Vowels in Thai all come in 2 lengths; short and long.
Every vowel has a long and short version. The only difference is that for the long vowels you say the vowel a bit longer.
For instance, say a word is “hat” and another one is “haat”. You would just hold the “a” sound in “haat” for a tiny bit longer. Literally, like a ~1/4 of a second longer.
Let’s see some examples of the long vowels and the short vowels in Thai. (This is not a comprehensive list).
|Long Vowel||Short Vowel|
|า (aa)||ั (a)|
|ื (eeuu)||ึ (eu)|
|ี (ee)||ิ (i)|
|ู (oo)||ุ (u)|
|าย (aai)||ัย (ai)|
|าย (aai)||ไ (ai)|
Why is vowel length in Thai important?
Pronouncing the words with the correct vowel length is important because otherwise, you might be saying a completely different word.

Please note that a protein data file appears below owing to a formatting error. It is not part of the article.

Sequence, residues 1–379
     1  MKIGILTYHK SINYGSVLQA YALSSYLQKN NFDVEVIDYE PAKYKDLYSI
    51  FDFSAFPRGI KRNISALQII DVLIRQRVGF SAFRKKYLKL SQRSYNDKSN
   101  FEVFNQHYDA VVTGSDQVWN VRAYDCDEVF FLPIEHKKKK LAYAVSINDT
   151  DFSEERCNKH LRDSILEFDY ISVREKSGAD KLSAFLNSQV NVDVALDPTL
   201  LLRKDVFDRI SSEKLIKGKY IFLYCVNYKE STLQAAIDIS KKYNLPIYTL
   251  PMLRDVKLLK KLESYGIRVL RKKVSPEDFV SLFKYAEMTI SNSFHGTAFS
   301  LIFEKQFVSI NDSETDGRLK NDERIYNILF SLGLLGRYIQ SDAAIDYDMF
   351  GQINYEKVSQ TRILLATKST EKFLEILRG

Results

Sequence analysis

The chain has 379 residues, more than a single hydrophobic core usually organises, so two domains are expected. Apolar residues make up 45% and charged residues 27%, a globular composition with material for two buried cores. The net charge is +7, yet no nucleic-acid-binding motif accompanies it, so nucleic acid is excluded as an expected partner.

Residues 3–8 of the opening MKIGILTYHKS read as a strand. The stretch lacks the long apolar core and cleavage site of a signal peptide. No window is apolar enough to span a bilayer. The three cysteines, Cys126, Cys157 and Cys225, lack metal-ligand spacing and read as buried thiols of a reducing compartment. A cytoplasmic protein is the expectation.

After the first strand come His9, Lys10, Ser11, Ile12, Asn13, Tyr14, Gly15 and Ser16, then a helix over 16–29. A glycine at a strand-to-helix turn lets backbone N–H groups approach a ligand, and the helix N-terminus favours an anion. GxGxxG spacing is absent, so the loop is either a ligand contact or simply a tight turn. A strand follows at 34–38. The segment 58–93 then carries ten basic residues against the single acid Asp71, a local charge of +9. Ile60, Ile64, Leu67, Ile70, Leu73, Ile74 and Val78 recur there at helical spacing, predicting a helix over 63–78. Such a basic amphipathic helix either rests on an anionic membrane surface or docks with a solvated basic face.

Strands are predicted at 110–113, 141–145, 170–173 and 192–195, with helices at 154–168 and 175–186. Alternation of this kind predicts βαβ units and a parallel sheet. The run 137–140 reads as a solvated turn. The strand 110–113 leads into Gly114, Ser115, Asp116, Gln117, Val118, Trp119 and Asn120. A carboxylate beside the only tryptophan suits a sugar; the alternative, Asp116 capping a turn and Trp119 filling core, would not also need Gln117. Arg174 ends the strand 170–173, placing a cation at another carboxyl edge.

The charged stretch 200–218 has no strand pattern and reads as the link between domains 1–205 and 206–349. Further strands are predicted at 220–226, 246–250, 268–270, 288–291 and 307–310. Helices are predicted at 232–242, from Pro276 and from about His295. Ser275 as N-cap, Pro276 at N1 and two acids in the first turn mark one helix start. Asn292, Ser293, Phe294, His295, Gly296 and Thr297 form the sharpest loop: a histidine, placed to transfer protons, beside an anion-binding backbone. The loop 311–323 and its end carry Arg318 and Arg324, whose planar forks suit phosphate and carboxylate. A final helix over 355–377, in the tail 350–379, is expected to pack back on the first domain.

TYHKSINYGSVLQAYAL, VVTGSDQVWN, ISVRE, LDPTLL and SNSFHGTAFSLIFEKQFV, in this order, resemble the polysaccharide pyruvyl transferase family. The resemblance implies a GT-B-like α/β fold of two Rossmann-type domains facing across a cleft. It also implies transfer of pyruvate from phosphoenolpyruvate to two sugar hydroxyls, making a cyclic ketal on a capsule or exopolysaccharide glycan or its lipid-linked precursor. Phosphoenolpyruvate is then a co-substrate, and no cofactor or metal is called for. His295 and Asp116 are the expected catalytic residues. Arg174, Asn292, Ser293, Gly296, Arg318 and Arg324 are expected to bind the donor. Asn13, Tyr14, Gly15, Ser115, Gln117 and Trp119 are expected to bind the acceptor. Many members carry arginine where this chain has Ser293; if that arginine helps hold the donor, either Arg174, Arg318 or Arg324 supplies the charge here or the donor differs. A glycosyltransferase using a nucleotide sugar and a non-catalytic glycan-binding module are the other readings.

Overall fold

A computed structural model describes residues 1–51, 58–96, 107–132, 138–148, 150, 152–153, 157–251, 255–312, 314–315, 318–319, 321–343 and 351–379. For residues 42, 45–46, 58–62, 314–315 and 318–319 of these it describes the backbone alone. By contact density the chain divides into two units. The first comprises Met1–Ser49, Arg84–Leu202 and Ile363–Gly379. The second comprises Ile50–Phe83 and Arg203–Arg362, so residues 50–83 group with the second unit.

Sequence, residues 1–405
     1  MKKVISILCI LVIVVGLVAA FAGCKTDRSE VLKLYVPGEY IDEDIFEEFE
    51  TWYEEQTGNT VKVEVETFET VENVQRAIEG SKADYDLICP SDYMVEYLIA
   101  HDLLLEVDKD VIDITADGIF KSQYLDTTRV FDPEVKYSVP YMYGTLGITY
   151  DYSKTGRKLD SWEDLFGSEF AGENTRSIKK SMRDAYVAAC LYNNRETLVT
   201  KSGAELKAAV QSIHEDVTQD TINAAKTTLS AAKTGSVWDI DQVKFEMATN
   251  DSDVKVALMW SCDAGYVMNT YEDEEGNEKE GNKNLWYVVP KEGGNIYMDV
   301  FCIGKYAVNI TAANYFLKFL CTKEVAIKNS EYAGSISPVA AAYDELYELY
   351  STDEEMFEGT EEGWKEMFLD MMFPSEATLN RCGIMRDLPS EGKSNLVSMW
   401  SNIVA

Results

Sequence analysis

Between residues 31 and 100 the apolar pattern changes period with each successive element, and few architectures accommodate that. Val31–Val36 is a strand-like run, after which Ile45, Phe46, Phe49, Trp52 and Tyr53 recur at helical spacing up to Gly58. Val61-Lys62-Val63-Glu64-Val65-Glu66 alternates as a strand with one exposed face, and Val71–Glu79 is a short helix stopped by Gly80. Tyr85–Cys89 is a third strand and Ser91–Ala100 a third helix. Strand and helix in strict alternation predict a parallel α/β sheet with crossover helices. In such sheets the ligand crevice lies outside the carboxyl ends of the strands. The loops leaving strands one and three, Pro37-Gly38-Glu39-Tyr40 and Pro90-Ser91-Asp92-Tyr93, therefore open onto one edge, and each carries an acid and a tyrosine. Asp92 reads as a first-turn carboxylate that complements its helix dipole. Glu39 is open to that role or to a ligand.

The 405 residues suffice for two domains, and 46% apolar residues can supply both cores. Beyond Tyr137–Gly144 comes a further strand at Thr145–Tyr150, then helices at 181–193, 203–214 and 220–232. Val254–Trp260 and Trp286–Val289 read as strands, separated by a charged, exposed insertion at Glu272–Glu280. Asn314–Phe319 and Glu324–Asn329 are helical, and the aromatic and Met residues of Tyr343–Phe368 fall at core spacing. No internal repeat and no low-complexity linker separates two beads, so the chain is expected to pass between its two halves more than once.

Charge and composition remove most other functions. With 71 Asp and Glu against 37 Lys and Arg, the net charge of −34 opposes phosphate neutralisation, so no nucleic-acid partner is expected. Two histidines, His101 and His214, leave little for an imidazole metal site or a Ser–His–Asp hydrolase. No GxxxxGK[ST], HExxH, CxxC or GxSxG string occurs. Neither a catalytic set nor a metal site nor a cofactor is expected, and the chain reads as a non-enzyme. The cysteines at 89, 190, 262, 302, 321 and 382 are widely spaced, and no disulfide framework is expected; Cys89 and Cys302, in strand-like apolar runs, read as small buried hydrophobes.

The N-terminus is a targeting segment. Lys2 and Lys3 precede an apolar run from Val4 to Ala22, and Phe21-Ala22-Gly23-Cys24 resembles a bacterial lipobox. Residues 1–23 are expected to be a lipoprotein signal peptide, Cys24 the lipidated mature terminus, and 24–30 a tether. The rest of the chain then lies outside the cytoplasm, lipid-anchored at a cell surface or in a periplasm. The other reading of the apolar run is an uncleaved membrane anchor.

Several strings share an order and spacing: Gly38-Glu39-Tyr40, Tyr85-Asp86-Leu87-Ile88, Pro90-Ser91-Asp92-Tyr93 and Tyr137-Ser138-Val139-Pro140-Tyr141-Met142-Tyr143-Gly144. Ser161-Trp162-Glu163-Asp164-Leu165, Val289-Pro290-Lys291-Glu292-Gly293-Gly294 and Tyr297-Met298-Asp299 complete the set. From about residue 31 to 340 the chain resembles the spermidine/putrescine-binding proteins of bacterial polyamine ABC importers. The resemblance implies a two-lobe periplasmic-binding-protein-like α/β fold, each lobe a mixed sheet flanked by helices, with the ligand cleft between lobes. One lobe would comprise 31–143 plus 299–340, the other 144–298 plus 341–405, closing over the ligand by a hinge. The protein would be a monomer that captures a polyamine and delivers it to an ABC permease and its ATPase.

Also, the length of the vowels might affects the tone the word will have. You will see examples below.
Examples of short and long vowel length words in Thai
Let me explain the difference in vowel length with some examples in Thai.
- ปัด (bpàt) and ปาด (bpàat). ปัด (bpàt) means to brush away and as you can see it uses the short form of the vowel.
ปาด (bpàat) means to sweep away and it uses the long version.
- หัด (hàt) and หาด (hàat). หัด (hàt) means to practice and uses the short version of the vowel.
หาด (hàat) means beach and uses the long version of the vowel.
- พาย (paai) and ภัย (pai). พาย (paai) uses the long version of the vowel and means a paddle.
ภัย (pai) uses the short version and means danger.
In the above cases, the only difference was the long and short version of the vowels. However, depending on the tone rules, a change of length in the vowel can also change the tone of the syllable.
- ลัก (lák) and ลาก (lâak). ลัก (lák) uses the short form of the vowel and this means to steal (also the tone is high).
ลาก (lâak) uses the long-form and means to drag (and the tone is falling).
I hope you now understand vowel length in Thai and the difference between the short and long vowel length.